State officials are working to strengthen the security of the state’s computer network, after a data breach last year leaked the confidential information of thousands of New Hampshire Department of Health and Human Services clients.
A former patient at New Hampshire’s state psychiatric hospital used a computer in the hospital library to access information of about 15,000 individuals who received department services, according to a DHHS statement.
While on the state’s network, the patient accessed confidential information including names, addresses, Social Security numbers and Medicaid ID numbers and posted the information on social media sites.
When it comes to cybersecurity on the state’s computer network, an incident like this is rare, said Denis Goulet, commissioner of the New Hampshire Department of Information Technology.
“This the first instance I’m aware we’ve had trouble with it,” Goulet said. “From what I understand, we really haven’t had a history of data breaches in the state of New Hampshire.”
More common are threats coming from outside entities. State and federal governments are generally top targets for viruses and malware.
“We’re continuously being probed and poked, attempts being made to penetrate our network from outside entities,” Goulet said.
What happened in this case – a person getting access to confidential state information on a state computer – is much rarer, but is also on Goulet’s radar.
The state provides some computers for public use in places like the New Hampshire Hospital library, which Goulet calls “a big risk-management exercise.”
He said the state has to carefully weigh the need to supply computer services to the public with the risk that creates.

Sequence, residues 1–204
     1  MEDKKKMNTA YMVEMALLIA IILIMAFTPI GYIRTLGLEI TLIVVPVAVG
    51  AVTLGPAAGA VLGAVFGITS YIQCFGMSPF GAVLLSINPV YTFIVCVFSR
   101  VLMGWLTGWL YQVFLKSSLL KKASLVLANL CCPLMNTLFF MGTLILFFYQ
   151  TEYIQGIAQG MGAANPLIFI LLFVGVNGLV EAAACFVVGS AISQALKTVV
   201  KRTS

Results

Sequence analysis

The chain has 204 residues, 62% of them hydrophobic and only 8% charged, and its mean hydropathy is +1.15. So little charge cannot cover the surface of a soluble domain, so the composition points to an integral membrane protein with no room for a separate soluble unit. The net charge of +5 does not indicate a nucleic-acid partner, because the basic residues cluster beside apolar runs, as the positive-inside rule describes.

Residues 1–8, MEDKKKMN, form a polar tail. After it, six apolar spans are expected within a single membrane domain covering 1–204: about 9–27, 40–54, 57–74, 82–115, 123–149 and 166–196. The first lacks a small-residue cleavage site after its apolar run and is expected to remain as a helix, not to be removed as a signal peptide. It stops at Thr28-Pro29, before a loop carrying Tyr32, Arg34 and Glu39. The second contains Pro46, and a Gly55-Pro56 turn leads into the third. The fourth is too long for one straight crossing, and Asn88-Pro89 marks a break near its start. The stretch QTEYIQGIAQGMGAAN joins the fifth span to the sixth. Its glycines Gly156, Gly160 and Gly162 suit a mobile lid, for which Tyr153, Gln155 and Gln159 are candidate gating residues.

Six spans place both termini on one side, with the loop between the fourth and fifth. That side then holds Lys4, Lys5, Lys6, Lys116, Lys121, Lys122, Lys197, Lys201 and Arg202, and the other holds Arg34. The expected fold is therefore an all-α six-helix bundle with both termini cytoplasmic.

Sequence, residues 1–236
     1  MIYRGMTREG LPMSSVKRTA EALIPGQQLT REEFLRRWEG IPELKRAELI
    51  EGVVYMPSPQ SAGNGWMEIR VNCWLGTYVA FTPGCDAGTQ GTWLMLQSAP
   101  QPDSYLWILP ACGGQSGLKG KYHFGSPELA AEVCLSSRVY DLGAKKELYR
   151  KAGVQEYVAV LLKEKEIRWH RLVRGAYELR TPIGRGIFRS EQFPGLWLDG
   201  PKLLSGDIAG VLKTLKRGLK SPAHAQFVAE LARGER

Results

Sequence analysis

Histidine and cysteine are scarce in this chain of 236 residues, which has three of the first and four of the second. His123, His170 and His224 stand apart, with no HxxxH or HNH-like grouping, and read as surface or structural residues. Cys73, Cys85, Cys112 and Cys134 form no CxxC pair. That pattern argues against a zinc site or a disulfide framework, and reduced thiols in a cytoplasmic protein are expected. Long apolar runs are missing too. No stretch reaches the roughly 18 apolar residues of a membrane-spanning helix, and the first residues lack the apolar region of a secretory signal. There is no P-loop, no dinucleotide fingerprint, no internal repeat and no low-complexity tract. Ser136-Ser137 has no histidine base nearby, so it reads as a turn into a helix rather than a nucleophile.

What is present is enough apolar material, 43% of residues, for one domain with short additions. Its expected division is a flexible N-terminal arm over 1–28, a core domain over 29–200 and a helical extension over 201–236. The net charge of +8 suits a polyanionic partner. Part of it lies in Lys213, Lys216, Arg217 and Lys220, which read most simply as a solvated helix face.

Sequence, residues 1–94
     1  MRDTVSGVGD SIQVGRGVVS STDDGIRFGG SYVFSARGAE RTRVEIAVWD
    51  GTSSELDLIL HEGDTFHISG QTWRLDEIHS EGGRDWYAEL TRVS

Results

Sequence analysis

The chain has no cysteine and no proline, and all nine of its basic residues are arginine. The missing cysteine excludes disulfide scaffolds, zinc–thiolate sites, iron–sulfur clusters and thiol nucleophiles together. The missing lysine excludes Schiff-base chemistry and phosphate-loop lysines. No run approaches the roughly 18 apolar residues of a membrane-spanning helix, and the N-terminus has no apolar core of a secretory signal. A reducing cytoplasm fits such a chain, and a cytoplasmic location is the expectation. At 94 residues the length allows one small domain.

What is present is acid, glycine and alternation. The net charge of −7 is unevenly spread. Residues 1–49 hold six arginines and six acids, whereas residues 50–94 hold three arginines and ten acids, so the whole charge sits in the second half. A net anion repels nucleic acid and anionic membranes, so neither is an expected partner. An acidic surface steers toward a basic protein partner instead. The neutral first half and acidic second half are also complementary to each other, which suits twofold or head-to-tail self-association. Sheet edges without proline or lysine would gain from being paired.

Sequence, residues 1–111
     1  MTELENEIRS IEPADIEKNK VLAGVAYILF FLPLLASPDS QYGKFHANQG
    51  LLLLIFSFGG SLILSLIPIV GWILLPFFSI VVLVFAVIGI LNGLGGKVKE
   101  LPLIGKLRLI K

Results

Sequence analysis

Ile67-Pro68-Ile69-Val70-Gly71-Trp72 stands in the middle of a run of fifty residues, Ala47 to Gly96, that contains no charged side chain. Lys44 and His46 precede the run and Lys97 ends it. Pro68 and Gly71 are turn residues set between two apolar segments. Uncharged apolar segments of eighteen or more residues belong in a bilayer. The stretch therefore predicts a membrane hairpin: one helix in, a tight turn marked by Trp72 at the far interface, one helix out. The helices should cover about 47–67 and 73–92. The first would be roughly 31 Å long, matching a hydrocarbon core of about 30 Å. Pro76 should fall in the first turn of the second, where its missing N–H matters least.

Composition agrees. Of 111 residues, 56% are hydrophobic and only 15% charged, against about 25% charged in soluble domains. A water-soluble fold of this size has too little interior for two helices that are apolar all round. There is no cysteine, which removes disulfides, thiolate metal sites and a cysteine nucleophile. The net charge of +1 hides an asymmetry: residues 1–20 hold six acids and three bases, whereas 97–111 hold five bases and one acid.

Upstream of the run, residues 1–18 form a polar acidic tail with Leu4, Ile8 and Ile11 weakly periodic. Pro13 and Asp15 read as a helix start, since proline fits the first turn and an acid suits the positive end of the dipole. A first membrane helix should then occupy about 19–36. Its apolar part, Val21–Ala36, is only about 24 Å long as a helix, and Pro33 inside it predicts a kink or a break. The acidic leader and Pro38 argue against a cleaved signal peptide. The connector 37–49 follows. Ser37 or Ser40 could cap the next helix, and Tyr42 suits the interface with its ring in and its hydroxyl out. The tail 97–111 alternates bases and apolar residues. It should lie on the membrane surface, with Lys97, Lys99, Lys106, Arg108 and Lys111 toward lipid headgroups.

“That’s something we work on every single day,” he said. “In general, we’re very cautious about providing access to the state network. In general, it’s not easy at all” to log on.
Some of those security measures include complex, regularly changing passwords and two-factor authentication.
Goulet said he could not share any information about how the New Hampshire Hospital patient was able to access the state’s network, due to an ongoing criminal investigation.
“The person was someone who was interested in that topic, but other than that I don’t know what the skill level was,” he said.
The incident occurred in October 2015 and Goulet’s department took steps to restrict accessibility on the library computers. Still, state officials were not notified until August 2016.
At that time, officials were told the patient may have posted information online, but an investigation at the time didn’t suggest that any of that information included confidential information like names, birth dates or Social Security numbers.
However, on Nov. 4, New Hampshire Hospital security notified state officials that the patient had indeed posted confidential information.
State Department of Health and Human Services Commissioner Jeffrey Meyers said the incident points to the need to further protect the state network.
“We’re talking about computers that are connected to a network by DOIT (Department of Information Technology), not by HHS,” Meyers said. “This issue involves not just the Department of Health and Human Services, it raises the issue of the security of all state information. There’s a whole host of agencies that collect and maintain data.”
Meyers said the patient posted screenshots of the confidential information, so while 15,000 people are affected by the leak, the information does not include the names, addresses, Social Security and Medicaid information for all 15,000.
“It’s only a small amount of information that was posted,” Meyers said. “That obviously triggered concern as to what had been accessed.”
Meyers said he is working with the IT department to make sure network security for his branch is strengthened.
On Wednesday, Gov. Maggie Hassan called the situation “very serious” and said a cybersecurity specialist will do a full audit of the Department of Health and Human Services “to determine whether there are other weak spots or other improvements we should take.”
Asked whether she was concerned that a similar breach could happen on another state computer, Hassan said state officials are “certainly taking steps to make sure that isn’t the case.”
Goulet said whenever an incident or breach happens, it’s a learning experience for how security can be better.
He said he’ll be focusing on tightening policies and training on what a potential breach is and how it can be managed internally.
“Every time there’s a successful attempt of any sort, we typically learn something from that so we can tweak the network to make it a little bit safer,” Goulet said. “This is no exception.”
(Ella Nilsen can be reached at 369-3322, firstname.lastname@example.org or on Twitter